• Drink beet juice right away to prevent nutrient breakdown.
  • Pair beet juice with juices that complement the earthy taste, like carrots, lemon, ginger, or apples.

Nutrition comparison

Below is a nutrition comparison of 1 cup (240 ml) of beetroot juice made from peeled versus unpeeled beets (1).

Nutrient Peel removed Peel intact
Calories 58 62
Protein 2 grams 3 grams
Carbs 14 grams 15 grams
Sugar 9 grams 10 grams
Fiber 0.5 grams 2 grams
Calcium 16 mg 27 mg
Iron 0.4 mg 0.8 mg
Magnesium 23 mg 33 mg
Phosphorus 40 mg 60 mg
Potassium 288 mg 441 mg
Sodium 61 mg 88 mg
Zinc 0.2 mg 0.5 mg
Vitamin C 4.5 mg 6.5 mg
Folate 45 mcg 60 mcg
Vitamin B6 0.1 mg 0.3 mg

As shown, juice made from peeled beets contains fewer calories, carbs, and micronutrients overall. However, it’s lower in fiber. Meanwhile, juice from unpeeled beets has more fiber, antioxidants, vitamins, and minerals.

Potential downsides to leaving peels on

Despite the nutritional benefits, there are some potential downsides to leaving beet peels on:

  • May leave behind an unpleasant, gritty texture
  • Can reduce juice yields
  • May shorten juicer lifespan by overworking it
  • Provides negligible nutrients if beets are conventionally grown
  • May introduce unwanted pesticides if non-organic

If you’re looking to maximize nutrients but minimize grittiness, consider peeling just the very outer skin layer of each beet. The flesh directly below the peel contains many beneficial betalain antioxidants.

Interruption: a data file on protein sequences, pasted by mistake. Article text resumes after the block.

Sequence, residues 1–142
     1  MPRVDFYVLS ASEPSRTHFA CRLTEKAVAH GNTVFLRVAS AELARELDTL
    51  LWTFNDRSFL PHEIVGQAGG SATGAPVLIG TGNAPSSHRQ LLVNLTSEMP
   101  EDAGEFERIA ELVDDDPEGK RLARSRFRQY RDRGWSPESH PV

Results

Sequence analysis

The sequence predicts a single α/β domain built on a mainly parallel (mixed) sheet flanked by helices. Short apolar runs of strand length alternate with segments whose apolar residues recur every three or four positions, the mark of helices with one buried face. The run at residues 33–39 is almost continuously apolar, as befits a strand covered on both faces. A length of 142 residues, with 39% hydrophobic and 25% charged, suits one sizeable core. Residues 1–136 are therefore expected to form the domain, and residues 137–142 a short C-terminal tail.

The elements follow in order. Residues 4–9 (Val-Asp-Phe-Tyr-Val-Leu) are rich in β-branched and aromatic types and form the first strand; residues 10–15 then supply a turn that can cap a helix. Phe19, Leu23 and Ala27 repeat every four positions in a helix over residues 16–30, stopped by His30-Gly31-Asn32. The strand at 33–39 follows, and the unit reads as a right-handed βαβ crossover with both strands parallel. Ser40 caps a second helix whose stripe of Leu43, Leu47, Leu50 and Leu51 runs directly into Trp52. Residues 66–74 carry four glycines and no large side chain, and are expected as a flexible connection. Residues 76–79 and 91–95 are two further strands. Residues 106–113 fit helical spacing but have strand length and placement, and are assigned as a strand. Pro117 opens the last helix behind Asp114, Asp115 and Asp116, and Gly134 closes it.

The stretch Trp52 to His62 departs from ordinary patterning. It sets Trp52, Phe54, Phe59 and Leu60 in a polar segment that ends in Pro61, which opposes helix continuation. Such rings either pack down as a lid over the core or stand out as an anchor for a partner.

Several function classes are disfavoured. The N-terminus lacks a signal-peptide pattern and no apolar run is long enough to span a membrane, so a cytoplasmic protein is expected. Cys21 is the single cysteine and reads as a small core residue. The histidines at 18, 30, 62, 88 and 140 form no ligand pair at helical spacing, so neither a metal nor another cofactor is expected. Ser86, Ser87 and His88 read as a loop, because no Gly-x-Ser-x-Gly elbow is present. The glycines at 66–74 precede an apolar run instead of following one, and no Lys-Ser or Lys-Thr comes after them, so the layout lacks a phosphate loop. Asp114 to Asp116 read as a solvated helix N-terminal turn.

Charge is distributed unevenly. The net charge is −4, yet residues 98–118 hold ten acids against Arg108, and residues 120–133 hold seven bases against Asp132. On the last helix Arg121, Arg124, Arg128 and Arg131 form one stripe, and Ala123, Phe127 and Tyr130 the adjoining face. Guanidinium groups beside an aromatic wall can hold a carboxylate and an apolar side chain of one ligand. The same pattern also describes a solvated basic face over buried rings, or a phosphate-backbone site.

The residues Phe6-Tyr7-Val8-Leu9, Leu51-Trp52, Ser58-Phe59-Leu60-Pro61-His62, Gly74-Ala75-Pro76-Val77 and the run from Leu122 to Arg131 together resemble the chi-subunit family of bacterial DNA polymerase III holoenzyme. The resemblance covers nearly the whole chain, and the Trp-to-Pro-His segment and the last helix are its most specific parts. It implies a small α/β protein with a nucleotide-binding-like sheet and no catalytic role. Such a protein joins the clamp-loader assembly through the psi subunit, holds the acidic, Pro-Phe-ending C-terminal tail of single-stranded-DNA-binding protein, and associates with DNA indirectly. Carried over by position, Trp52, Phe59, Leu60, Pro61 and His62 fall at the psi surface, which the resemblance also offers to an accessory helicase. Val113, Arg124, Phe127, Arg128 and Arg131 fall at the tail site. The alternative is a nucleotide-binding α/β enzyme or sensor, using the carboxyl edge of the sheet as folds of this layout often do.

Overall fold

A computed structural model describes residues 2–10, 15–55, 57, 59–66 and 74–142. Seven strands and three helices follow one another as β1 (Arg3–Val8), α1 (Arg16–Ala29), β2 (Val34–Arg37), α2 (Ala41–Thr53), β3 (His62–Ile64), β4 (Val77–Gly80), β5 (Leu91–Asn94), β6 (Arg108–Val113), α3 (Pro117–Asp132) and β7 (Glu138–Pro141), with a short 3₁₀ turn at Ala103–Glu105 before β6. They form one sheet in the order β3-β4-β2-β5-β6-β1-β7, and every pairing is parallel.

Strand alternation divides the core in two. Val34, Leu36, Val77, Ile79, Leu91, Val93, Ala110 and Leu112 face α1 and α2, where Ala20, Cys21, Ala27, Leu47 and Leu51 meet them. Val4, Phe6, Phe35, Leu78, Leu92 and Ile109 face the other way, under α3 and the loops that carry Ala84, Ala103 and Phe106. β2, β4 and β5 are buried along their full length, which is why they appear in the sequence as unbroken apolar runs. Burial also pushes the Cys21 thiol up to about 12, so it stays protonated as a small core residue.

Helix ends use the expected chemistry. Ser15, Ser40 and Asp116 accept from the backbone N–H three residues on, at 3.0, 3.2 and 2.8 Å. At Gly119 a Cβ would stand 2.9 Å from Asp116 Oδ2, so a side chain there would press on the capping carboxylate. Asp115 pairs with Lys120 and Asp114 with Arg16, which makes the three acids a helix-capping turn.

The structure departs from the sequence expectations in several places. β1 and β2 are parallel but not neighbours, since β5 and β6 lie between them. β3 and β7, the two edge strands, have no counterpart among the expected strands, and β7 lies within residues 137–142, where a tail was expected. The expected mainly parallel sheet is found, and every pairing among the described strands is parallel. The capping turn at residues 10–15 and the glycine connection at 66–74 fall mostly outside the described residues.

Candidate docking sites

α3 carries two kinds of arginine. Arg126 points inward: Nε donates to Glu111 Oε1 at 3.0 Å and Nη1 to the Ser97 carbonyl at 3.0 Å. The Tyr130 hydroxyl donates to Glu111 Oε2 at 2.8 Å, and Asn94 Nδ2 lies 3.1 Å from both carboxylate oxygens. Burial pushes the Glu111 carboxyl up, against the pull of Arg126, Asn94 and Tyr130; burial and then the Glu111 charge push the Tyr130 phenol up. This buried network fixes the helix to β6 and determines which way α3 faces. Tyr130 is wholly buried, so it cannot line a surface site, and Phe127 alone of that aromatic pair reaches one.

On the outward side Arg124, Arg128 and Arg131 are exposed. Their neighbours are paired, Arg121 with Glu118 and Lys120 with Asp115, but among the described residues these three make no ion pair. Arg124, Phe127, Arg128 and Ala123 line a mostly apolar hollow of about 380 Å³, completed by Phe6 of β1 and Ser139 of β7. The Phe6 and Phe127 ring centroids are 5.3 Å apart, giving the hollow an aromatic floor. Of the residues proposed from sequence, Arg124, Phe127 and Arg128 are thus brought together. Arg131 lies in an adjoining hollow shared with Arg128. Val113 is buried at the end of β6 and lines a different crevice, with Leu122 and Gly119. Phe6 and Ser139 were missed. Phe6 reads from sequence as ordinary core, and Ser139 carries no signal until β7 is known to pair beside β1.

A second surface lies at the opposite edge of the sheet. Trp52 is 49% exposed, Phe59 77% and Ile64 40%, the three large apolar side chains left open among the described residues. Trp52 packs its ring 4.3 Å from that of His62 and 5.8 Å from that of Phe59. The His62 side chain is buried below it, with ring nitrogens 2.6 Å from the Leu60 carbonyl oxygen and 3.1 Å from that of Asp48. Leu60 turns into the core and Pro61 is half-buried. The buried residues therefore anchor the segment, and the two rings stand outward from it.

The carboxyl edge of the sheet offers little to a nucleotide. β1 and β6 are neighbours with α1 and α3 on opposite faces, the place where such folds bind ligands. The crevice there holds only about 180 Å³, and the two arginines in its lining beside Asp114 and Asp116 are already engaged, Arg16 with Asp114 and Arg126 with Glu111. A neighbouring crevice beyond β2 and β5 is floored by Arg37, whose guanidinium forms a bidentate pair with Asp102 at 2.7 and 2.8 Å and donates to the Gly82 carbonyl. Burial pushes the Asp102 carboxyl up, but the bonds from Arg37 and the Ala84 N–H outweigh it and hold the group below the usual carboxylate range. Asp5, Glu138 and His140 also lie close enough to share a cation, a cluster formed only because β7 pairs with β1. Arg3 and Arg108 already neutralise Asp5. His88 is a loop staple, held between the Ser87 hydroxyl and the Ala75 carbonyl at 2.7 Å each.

Which method is better?

There are good arguments on both sides of the peeling debate. Here are some factors to consider when deciding what’s right for you:

Fiber needs

If your diet is low in fiber or you have digestion issues, juices with the peel may be beneficial. If you already get enough fiber, peeling may not make a big difference.

Texture preference

Some people don’t mind a pulpy, fibrous texture. For others, it’s unappealing. Go with what your preferences are.

Organic vs. conventional

Peeling makes more of a difference with conventional beets, as it removes wax and pesticides. For organic beets, the skins add nutrients.

Time constraints

Peeling is time consuming. If you’re short on time, leave the skins on for a quicker prep.

Juicer capabilities

Some high-power juicers can break down peels easily. Weaker juicers may clog and break more easily with peels on.

Combining with other juices

If mixing beet juice with sweeter juices, peel for a smoother blend. With earthy juices, the peel may go unnoticed.


While beet skins are highly nutritious, leaving them on isn’t necessary to reap benefits of beetroot juice. Fortunately, beets with and without peels make healthy, antioxidant-rich juices.

Your personal preferences and lifestyle should drive your decision. Try juices both ways to see if peels impact the flavor and texture unfavorably. If not, alternating between peeled and unpeeled is a great way to mix up your routine.

At the end of the day, beetroot juice made either way can be a nutritious addition to a healthy, well-rounded diet.